Training in Love

· Advent,Theology,Love

The final week of Advent in 2023 lasts only a day! That’s not much time to think about what it means to be trained to love—to think in loving ways and to act lovingly toward others. So let me reflect on how I spend Christmas Eve.

I have a sacrosanct tradition. While my husband hosts an late-evening service, and while the children are sleeping all snug in their beds, I wrap Christmas presents. Two movies entertain me while I do this. One is Scrooge, Alastair Sim’s portrayal of Dickens’s redeemed anti-hero in A Christmas Carol. It reminds me that even the worst among us can change. The second is, admittedly, far less meaningful. I usually watch Love, Actually earlier in the evening when I’m busy organizing which gifts will be wrapped in bags and which gifts will be wrapped with paper.

Its a terrible, terrible movie. Nonetheless, it begins with a wonderful cold open of real, live people meeting loved ones at the airport. And throughout this montage, we hear the upper crust accent of Hugh Grant saying,

I use this as an excuse to watch the rest of the film which, on the whole, demonstrates very little of what love, actually, is.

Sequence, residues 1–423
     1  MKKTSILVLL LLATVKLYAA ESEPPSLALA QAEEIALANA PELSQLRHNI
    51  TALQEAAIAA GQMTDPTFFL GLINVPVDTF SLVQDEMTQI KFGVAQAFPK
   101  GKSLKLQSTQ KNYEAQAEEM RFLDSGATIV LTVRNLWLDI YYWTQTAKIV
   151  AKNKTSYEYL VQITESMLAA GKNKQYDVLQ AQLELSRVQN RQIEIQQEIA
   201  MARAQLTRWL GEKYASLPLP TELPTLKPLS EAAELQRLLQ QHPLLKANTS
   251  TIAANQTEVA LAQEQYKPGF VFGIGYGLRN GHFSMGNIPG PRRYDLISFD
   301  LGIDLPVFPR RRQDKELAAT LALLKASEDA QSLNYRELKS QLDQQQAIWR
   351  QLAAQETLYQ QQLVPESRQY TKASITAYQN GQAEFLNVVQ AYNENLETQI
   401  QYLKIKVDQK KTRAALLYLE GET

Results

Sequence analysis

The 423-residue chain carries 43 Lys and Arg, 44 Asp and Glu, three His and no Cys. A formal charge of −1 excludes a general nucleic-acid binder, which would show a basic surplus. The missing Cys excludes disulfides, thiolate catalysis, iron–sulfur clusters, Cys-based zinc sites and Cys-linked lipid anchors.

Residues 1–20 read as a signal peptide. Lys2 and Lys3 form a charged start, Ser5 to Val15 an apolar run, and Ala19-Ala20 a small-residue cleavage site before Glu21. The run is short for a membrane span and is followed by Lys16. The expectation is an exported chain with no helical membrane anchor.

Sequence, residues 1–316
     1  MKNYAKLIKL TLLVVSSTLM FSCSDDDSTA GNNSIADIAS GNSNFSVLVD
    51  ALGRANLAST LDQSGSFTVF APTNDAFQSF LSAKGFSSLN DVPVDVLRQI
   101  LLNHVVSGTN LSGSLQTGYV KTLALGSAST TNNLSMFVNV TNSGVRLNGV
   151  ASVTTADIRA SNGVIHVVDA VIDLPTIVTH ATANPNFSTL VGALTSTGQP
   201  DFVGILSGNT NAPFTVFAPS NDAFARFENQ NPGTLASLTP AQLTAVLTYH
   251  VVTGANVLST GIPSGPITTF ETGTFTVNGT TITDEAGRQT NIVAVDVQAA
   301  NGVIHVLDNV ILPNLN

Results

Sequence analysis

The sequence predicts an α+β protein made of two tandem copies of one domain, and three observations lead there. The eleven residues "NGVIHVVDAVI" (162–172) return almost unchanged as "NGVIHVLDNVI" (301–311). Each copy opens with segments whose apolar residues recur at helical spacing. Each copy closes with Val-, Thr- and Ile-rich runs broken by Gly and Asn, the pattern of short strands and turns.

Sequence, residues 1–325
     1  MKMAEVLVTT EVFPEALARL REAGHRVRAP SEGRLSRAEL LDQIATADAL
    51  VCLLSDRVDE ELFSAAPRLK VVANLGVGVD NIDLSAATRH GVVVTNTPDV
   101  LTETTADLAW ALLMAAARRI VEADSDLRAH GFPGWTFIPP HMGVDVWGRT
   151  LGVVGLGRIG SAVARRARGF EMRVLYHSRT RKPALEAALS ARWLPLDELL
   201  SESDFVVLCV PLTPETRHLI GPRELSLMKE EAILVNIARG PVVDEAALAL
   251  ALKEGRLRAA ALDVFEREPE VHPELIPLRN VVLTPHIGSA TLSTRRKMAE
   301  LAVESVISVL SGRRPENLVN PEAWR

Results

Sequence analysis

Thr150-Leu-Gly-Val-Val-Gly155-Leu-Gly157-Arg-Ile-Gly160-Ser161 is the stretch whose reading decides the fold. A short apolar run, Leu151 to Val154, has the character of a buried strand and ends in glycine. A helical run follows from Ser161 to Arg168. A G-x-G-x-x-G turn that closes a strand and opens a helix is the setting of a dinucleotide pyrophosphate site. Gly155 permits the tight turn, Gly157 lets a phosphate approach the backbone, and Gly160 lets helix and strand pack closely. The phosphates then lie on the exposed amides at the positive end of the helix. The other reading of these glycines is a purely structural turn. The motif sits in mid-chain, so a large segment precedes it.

I know I’m not the first person to say that. So maybe I need to speak to what love actually is. I’ll stop playing with the movie title now and move on to scripture. Promise.

We often hear it at weddings. It’s not irrelevant to the love between spouses. But Paul delivered it to the whole church.

Love is patient; love is kind; love is not envious or boastful or arrogant or rude. It does not insist on its own way; it is not irritable; it keeps no record of wrongs; it does not rejoice in wrongdoing but rejoices in the truth. It bears all things, believes all things, hopes all things, endures all things. Love never ends (1 Corinthians 13:4–8).

Here Paul uses a certain kind of language to describe love: verbs. He doesn’t talk about love as based in the way we feel about other people. Rather, love has everything to do with the way we discipline our attitudes and our actions toward other people.

Love waits without complaining. Love conveys meaning in considerate ways. Love doesn’t resent another’s success. Love is humble. Love doesn’t diminish someone else to look good. Love doesnt manipulate. Love doesn’t hold grudges. Love isnt secretly pleased by someone else’s failure. Love is truth. Love is universal. Love is endless.

And this love is to be lived out in our relationships with God and with all other people.

The love of God is not made up of fuzzy feelings. It’s a mark of character. Jesus loved others not because everyone he encountered warmed the cockles of his heart. Jesus loved us because he considerd us worth loving.

As we spend this day of Advent busy with the last-minute doings, let’s take some time to remember both that we are waiting for a God to show us true love, and that God is already present with us today. So love, actually, is all around.

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